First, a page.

Don’t Get Drunk, Be Filled with the Holy Spirit
Therefore do not be foolish, but understand what the will of the Lord is. And do not get drunk with wine, for that is debauchery, but be filled with the Spirit, addressing one another in psalms and hymns and spiritual songs, singing and making melody to the Lord with your heart, giving thanks always and for everything to God the Father in the name of our Lord Jesus Christ,
Ephesians 5:17–20 ESV Read More
Remember that this whole section is about living for the Lord, in light of what great things He has done for us and in light of the world watching us to see if what we say is true.
At the last supper, Jesus said that He no longer calls His disciples servants but friends because He has let them in on God’s plan. We have been shown and told what God’s will is and we’ve even been given His Spirit to empower us to do it. With the knowledge, the time, and the equipment, we are ready to do God’s will. To be foolish, then, would be to scrap all of that and to live like idiots that don’t know what’s going on.
It would be a horrendous miss to read this section and come away saying “Ok, we can’t drink any alcohol.” There are plenty of good reasons to abstain from alcohol, but this verse isn’t one of them. Paul would have had to invent the refrigerator in the first century to abstain from wine because all grape juice would be wine. You could only drink grape juice for about a day during the grape harvest. After that, you’d have your choice of wine or diarrhea. Sorry, but that’s science.
C.S. Lewis has a great statement about us and our rules about abstaining from alcohol:
“One great piece of mischief has been done by the modern restriction of the word Temperance to the question of drink. It helps people forget that you can be just as intemperate about lots of other things. A man who makes his golf or his motor-bicycle the centre of his life, or a woman who devotes all her thoughts to clothes or bridge or her dog, is being just as ‘intemperate’ as someone who gets drunk every evening. Of course, it does not show on the outside so easily: bridge-mania or golf-mania do not make you fall down in the middle of the road. But God is not deceived by externals. (C.S. Lewis, Mere Christianity, HarperCollins, 1977, pp. 72–3)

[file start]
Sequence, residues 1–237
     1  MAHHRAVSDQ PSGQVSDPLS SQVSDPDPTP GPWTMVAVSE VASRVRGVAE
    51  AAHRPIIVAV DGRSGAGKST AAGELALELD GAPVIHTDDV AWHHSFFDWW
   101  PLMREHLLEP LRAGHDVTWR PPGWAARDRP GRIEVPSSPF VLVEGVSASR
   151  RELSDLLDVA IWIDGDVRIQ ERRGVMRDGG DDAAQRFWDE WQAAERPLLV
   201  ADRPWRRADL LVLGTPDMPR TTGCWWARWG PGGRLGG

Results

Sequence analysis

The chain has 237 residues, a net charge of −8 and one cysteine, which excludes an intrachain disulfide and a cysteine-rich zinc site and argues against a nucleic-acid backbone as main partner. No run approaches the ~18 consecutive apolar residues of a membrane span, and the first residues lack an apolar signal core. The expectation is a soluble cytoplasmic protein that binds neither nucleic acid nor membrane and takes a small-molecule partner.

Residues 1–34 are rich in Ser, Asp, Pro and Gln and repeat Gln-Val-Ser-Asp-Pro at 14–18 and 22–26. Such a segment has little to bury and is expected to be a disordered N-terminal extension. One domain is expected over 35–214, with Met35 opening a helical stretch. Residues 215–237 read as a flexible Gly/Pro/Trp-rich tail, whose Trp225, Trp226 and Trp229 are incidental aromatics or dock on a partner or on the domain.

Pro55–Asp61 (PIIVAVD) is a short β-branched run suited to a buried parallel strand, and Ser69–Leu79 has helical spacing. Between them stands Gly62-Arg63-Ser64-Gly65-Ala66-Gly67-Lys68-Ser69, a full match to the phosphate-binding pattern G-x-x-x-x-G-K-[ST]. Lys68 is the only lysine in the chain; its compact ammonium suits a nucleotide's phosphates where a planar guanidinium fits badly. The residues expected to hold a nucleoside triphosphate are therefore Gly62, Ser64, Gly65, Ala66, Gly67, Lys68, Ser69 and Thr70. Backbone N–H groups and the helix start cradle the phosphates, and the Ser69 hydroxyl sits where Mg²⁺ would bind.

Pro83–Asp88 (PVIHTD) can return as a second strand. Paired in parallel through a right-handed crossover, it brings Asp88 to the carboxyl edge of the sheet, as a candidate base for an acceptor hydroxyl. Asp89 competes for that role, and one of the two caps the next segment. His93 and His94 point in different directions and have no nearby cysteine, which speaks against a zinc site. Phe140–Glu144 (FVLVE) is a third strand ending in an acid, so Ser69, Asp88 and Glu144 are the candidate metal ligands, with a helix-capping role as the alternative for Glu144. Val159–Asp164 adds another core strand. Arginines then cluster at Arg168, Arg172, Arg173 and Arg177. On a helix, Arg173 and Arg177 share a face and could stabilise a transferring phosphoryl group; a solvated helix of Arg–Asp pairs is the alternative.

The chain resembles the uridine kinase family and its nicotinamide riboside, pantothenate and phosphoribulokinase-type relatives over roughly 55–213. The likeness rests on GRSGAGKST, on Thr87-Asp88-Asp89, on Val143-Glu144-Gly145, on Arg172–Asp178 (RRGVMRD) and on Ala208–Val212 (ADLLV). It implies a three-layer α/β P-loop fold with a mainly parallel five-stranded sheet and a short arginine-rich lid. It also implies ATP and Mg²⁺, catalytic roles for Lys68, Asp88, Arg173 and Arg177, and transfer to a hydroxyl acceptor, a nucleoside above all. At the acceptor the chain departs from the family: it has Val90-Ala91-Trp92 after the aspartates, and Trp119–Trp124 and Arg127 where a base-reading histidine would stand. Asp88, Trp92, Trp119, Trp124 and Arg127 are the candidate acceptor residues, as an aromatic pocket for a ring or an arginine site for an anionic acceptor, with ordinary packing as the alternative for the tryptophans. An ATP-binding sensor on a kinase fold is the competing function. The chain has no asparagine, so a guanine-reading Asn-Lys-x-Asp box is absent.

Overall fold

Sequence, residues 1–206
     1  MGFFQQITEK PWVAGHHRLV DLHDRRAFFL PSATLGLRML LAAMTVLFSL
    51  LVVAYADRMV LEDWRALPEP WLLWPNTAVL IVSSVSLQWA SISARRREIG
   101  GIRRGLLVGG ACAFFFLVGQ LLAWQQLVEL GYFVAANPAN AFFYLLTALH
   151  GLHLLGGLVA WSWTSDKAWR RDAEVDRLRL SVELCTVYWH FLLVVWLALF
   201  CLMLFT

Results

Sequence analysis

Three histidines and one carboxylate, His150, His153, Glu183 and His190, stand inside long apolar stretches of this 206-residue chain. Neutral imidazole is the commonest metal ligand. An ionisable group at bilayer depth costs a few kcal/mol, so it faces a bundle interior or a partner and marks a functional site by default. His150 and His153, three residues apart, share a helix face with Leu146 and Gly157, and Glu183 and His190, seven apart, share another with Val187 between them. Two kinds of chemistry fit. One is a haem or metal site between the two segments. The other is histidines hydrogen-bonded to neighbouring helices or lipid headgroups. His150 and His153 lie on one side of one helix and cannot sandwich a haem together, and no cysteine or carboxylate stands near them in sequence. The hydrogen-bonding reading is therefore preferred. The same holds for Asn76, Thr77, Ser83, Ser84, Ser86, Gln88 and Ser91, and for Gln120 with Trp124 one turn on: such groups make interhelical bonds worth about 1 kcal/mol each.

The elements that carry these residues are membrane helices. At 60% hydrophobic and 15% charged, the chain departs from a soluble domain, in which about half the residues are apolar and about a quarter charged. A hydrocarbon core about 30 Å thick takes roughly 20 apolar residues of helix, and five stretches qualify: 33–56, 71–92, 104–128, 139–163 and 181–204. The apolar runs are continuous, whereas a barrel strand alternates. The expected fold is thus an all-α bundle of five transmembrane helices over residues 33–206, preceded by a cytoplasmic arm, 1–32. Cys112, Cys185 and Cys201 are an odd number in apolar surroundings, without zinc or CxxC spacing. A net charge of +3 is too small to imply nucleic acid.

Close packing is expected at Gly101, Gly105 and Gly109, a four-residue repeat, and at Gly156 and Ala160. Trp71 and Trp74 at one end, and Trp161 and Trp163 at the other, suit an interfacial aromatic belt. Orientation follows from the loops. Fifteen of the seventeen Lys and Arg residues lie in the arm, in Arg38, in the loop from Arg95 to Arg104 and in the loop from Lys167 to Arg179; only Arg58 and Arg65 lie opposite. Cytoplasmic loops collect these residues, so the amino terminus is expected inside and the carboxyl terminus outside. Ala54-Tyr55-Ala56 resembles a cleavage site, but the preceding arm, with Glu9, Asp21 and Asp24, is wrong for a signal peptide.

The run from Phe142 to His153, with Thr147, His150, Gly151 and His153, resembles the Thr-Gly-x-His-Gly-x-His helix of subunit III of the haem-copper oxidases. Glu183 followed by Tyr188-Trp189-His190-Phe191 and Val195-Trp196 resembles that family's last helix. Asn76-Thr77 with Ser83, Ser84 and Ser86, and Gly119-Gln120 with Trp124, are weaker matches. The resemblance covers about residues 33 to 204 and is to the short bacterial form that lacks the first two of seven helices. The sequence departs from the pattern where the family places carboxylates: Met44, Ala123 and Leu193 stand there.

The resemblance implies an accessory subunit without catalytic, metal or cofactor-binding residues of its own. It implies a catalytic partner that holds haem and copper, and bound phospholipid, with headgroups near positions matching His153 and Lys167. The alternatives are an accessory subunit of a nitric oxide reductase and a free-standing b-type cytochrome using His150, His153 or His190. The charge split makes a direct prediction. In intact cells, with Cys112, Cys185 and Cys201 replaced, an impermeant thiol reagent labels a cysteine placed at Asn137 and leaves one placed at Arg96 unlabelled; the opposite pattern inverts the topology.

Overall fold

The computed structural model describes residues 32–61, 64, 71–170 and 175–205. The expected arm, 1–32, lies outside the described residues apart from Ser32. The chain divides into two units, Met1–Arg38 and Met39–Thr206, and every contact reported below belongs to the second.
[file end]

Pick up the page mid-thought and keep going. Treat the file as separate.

If you are going to submit to outside influences (like wine) you do much better to submit yourself to the Holy Spirit. The symptoms are different! Don’t be deceived by movements that make Holy Spirit drunkenness look like wine drunkenness, that is not what they meant on Pentecost. (the one person that said that was corrected by Peter) The Holy Spirit brings out thankfulness, encouragement, and life to those all around. As we are freed from our inhibitions and are led by the Spirit, we are more likely to befriend the unlikable and go into places we once thought dangerous to proclaim the Gospel. The Holy Spirit makes us brave, makes us wise, and fills us with God’s purpose to save the world.
Let us not be foolish and miss it through any distraction, wine or otherwise.
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